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Having made the decision to disguise himself as a black man, Griffin drives to Fort Worth, Texas and meets with his friend George Levitan, the owner of... (full context)
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Griffin and Levitan agree that Sepia will pay for all of Griffin’s expenses in return for... (full context)
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Maintaining his resolve to go through with the plan, Griffin goes home and tells his wife, who agrees to look after their three children because... (full context)
October 30, 1959
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Griffin has lunch with Adelle Jackson and George Levitan, plus three Dallas FBI officers, since he... (full context)
November 1, 1959
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Griffin arrives in New Orleans, checks his bags at a hotel, and goes out to walk... (full context)
November 2, 1959
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The next morning, Griffin visits a dermatologist. After Griffin explains what he wants to do, the doctor excuses himself... (full context)
November 6, 1959
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Griffin follows his regiment for four days and visits the dermatologist for blood tests. Thankfully, the... (full context)
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Implicit Bias and Systemic Racism Theme Icon
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...destroy you?—especially since their attitude toward their own race is a destructive one.” In response, Griffin tells him that many black people he has spoken to are “aware of this dilemma”... (full context)
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In addition to his warning, the dermatologist also tells Griffin things he has heard from black people, like that lighter skin makes an African American... (full context)
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When Griffin isn’t spending his time under the sun lamp or in the dermatologist’s office, he walks... (full context)
November 7, 1959
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Griffin’s “treatment” doesn’t work quite as quickly as he originally hoped, but he decides that his... (full context)
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That afternoon, Griffin’s host looks up at him and says, “I don’t know what you’re up to, but... (full context)
Appearance, Identity, and Bigotry Theme Icon
After eating dinner, Griffin calls his family, but nobody answers. With nothing left to do, he shaves his head... (full context)
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Griffin’s first instinct is to “fight against” the experience of seeing himself as a black man.... (full context)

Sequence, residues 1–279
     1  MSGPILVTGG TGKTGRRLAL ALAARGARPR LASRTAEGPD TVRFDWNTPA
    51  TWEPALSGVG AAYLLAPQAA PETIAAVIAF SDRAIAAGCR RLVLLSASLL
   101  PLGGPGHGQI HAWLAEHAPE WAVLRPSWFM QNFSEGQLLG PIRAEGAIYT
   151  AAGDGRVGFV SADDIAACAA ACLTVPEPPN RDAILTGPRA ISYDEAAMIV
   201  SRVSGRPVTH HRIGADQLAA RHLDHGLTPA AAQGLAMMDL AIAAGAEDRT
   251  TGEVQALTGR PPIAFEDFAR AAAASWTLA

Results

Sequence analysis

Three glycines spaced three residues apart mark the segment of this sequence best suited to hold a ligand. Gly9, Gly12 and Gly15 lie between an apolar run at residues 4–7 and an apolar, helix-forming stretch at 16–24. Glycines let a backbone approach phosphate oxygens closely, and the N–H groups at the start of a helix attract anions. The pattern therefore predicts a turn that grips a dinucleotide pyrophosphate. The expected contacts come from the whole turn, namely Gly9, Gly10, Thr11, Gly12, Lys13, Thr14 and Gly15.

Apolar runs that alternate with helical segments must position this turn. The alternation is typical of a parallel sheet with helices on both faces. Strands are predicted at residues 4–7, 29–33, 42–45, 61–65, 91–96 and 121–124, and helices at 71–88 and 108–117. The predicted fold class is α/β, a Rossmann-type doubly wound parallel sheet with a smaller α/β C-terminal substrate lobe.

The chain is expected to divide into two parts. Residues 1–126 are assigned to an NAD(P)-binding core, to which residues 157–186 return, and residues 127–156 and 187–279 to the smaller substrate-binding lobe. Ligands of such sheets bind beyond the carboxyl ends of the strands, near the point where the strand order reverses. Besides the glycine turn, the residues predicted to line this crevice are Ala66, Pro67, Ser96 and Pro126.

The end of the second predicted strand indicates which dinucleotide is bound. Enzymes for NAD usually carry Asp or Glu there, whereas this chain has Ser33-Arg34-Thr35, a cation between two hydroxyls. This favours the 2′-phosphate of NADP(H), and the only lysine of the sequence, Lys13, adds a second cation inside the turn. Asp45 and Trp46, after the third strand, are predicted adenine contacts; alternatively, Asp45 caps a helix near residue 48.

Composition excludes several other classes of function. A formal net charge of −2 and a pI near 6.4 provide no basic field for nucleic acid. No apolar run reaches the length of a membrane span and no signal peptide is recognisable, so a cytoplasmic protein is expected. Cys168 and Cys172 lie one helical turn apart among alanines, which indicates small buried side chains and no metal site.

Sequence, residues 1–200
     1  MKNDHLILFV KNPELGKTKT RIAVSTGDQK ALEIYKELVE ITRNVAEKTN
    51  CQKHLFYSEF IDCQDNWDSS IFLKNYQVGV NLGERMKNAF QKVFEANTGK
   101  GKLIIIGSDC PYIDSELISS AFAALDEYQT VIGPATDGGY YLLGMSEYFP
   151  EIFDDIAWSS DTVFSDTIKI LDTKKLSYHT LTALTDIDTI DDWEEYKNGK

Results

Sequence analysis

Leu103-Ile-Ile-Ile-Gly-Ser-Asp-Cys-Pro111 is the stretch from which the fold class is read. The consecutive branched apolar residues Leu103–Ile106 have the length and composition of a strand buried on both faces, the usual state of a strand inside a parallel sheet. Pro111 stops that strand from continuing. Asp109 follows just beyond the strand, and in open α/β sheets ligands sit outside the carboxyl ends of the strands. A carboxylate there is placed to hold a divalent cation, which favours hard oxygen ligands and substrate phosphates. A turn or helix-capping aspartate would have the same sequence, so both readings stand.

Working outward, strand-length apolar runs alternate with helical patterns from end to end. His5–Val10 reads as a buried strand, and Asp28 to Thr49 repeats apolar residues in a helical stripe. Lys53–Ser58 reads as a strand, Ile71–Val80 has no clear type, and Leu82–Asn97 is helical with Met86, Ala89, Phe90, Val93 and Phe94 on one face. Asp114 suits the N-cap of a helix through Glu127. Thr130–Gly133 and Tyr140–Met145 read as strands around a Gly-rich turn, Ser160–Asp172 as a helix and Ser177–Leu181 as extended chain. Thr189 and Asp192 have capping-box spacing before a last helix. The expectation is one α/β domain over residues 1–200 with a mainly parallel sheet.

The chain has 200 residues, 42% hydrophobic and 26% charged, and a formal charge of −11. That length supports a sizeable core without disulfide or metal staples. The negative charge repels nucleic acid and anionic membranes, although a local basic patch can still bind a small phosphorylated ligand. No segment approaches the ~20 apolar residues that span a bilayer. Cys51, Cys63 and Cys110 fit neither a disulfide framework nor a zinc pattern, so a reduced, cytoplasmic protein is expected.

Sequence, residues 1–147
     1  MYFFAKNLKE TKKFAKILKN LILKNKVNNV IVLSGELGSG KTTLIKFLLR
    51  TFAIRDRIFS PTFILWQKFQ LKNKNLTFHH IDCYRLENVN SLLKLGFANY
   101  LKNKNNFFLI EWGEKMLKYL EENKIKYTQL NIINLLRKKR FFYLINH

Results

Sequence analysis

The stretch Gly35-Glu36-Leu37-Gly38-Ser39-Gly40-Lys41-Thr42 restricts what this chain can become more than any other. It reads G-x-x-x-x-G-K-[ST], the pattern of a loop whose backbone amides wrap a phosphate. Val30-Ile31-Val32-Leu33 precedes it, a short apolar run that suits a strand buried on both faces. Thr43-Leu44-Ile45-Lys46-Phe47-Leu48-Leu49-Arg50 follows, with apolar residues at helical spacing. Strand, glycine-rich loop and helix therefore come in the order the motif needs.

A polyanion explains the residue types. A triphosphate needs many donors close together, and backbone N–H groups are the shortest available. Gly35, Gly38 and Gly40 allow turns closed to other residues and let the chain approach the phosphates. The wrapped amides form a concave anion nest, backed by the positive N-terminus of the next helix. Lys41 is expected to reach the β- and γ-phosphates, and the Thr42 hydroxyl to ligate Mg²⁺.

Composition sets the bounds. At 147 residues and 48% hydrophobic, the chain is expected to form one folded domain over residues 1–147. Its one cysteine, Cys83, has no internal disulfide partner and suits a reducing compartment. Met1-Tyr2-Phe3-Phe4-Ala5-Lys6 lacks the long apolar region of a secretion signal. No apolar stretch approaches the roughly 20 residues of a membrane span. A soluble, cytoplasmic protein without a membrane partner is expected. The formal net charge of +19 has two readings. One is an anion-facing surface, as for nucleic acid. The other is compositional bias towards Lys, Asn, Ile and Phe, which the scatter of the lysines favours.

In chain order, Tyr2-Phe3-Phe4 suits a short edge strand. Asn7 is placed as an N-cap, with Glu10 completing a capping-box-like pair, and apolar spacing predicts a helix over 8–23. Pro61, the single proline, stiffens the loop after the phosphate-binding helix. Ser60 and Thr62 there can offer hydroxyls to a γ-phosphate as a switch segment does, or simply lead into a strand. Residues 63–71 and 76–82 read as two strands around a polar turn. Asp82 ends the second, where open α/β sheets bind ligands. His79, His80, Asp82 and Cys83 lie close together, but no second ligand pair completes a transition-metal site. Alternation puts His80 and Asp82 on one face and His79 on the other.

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Feeling a lack of “companionship” with the person he has “become,” Griffin ventures out into the streets at midnight with “enormous self-consciousness.” Passing a white man, he... (full context)
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A black man on the streetcar tells Griffin about a good hotel for African Americans, so Griffin gets off and makes his way... (full context)
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Griffin tries to fall asleep despite the loud noise of the streets. After a while, he... (full context)
November 8, 1959
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The next day, Griffin leaves the hotel and walks through the “ghetto,” which he sees in a different light... (full context)
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After leaving the café, Griffin boards a bus and sits in a seat “halfway to the rear.” Gradually, the bus... (full context)
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Because he originally started to stand up, the white woman looks at Griffin. At first, he thinks he senses “sympathy in her glance,” believing for a moment that... (full context)
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As Griffin sits silently in his seat, the woman talks to another white woman. Suddenly, Griffin hears... (full context)
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When Griffin gets off the bus, he visits Sterling Williams’s shoeshine stand. Sitting in the seat, he... (full context)
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Griffin works for the day with Sterling, noticing that white customers have “no reticence” or “shame”... (full context)